Patience is the ability to control our reactions and retain our peace of mind in any situation, imperturbable in the face of harm and hardship. It is the practice of exercising forbearance toward persons, objects, behaviors, or situations that might otherwise disturb our peace.
Patience is the conscious choice to actively manifest forbearance, and is not experienced as an oppressive duty or obligation.
Patience with Others
- When someone treats us (or our relatives and friends) with contempt, addresses us with harsh words, slanders us behind our back, or causes us pain.
- When our enemies and those who oppose us (or our relatives and friends) find pleasure and wellbeing, when they receive honors and rewards, when they are offered praise, or when people speak well of them.
- When our friends and relatives, especially those whom we have favored by thought, word, and deed, are ungrateful, and repay us with harm.
The patience of disregarding the harm done to us by others can be cultivated:
- By seeing those who harm us as objects of compassion.
- By considering how all the harm done to us is the product of our own past karma.
- By realizing that it is only with the help of those who harm us that we can gain the merit of practicing patience.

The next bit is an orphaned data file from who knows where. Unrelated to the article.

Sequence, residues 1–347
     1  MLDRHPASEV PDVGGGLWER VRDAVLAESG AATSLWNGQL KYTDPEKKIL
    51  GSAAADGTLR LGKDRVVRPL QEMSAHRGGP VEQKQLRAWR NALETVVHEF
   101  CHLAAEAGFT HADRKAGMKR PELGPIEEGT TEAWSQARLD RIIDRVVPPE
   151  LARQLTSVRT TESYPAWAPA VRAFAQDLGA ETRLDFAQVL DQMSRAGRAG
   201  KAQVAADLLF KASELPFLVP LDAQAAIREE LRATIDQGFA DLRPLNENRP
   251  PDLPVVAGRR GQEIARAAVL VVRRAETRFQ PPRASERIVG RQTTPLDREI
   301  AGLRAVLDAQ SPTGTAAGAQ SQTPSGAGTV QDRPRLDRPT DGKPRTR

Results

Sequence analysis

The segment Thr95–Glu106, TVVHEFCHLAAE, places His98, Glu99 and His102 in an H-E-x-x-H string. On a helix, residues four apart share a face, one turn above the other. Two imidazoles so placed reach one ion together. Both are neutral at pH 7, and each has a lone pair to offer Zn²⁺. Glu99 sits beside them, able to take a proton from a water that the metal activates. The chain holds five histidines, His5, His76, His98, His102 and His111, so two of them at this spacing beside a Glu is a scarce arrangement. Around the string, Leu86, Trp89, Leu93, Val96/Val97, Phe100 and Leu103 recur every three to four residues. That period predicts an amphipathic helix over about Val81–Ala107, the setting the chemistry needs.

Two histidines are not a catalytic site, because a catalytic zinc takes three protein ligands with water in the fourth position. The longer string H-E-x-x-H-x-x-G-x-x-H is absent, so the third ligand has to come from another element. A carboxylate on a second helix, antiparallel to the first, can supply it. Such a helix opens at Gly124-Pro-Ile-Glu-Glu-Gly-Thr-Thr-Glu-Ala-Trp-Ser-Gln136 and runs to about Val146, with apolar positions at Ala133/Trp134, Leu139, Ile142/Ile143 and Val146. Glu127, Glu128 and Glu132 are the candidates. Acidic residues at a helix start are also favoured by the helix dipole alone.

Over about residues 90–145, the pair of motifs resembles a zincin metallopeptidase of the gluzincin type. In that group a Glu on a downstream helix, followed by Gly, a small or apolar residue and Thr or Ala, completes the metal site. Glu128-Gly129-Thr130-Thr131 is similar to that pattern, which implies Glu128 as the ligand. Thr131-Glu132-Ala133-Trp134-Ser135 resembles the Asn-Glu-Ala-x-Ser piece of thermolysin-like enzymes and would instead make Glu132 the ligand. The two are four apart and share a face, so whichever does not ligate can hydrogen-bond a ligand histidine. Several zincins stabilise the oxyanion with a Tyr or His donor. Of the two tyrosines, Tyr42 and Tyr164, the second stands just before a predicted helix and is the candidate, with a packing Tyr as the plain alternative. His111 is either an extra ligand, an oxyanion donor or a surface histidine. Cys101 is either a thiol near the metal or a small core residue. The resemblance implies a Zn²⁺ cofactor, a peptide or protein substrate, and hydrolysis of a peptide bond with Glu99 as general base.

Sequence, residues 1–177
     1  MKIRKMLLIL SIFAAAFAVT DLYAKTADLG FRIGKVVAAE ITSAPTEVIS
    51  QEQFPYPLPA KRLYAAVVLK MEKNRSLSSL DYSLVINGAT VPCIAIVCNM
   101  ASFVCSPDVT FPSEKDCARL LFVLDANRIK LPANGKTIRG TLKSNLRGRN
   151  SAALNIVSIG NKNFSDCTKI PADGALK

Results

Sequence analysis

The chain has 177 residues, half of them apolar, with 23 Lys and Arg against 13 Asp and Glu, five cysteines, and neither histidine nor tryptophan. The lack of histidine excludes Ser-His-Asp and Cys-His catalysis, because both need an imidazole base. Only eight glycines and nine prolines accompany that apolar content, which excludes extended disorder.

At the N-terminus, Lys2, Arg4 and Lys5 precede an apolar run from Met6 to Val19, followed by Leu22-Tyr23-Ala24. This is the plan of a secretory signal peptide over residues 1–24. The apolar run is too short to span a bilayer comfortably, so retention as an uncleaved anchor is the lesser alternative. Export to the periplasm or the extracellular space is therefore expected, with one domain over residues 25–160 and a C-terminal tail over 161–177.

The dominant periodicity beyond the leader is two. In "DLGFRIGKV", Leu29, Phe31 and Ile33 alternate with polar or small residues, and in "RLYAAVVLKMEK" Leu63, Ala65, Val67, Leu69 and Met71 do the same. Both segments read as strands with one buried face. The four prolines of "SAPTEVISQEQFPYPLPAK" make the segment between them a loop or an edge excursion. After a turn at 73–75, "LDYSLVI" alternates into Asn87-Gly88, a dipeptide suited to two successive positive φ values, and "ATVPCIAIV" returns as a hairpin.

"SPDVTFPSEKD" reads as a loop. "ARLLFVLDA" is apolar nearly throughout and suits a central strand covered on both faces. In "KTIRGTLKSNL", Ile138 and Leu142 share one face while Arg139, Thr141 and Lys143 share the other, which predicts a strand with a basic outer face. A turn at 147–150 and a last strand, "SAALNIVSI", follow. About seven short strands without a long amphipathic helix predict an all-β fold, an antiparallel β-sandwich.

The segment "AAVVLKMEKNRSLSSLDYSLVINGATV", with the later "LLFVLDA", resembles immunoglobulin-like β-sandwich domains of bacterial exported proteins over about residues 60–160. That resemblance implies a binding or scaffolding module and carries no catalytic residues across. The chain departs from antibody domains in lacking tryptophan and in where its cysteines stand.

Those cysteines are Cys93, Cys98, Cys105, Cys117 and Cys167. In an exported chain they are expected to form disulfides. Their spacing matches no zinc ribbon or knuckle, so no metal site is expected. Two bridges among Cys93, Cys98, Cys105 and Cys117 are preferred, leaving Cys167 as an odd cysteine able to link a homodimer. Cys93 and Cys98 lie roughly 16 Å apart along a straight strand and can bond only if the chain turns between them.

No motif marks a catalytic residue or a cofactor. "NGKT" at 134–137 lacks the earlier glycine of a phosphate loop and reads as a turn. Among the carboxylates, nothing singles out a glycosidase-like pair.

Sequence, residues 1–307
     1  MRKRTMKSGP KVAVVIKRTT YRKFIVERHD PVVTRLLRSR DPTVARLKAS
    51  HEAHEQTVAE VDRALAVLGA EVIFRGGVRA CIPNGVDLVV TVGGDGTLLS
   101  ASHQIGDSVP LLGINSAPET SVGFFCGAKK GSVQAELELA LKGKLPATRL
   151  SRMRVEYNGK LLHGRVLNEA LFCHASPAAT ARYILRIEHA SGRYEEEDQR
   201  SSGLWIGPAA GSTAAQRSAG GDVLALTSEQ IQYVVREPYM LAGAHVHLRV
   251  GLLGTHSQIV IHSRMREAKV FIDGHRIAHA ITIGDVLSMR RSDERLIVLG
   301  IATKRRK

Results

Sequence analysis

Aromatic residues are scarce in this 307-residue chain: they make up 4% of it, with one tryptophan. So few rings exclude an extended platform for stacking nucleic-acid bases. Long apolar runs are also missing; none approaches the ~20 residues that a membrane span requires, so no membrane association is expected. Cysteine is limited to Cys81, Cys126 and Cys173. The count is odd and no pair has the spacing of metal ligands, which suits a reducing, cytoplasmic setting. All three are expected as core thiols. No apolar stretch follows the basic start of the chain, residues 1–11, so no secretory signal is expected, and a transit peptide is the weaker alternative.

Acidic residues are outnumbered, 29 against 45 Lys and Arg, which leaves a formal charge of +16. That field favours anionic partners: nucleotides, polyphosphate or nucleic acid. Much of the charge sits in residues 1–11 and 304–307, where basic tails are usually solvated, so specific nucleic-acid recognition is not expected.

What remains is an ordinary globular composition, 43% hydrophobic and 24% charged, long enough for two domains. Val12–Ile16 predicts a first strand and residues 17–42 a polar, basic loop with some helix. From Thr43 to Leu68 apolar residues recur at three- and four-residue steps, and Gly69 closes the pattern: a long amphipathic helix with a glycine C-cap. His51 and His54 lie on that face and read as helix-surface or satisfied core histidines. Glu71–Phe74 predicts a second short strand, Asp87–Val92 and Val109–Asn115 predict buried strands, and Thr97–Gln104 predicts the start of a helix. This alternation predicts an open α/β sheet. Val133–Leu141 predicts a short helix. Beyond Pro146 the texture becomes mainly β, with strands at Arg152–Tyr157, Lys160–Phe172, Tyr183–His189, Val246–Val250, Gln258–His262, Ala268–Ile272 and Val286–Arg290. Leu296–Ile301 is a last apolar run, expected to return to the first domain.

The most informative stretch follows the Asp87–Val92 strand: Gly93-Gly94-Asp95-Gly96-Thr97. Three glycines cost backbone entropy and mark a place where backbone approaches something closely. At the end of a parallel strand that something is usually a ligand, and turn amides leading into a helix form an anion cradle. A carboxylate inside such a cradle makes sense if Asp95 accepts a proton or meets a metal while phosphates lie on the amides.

Patience with Ourselves
- When we manifest ignorance and limitation, fail to attain our goals, give comfort to our enemies, and disappoint ourselves and others.
Patience with the Teaching
- When the Teaching is difficult, or extensive, or apparently repetitive; when the conditions in which the Teaching is imparted are not optimal; and when the Teaching elicits fear.
- When we see our faults more clearly, fail to make rapid progress on the path, temporarily regress to previous stages of attainment, or cannot abide in the View.
- When the Teaching challenges our habitual or conceptual views, or when it seems to contradict earlier Teaching, as in the gradual progression from the truth of dependent origination, to emptiness of self and phenomena, to True Self.
Three reasons for accepting suffering with patience:
- Suffering can exhaust our negative actions.
- Through suffering we develop renunciation, compassion, and the wish to adopt wholesome actions and avoid unwholesome ones.
- Suffering subdues our pride, takes away the sting of envy, overcomes the strength of desire and attachment, and leads us on towards accomplishment.
Patience can be cultivated by contemplating with certainty the profound teachings:
- Considering the relative truth of dependent origination, we can cultivate patience by realizing how the harm-doer and the suffering itself are dependent on causes and conditions.
- Considering the provisional truth of emptiness, we can cultivate patience by reflecting on how the harm that is done to us and the one who is doing the harm are both lacking in any true reality.
- Considering the ultimate truth of Great Natural Perfection, we can cultivate patience by recognizing all anger to be the expression of clarity, or Mirror-like Wisdom.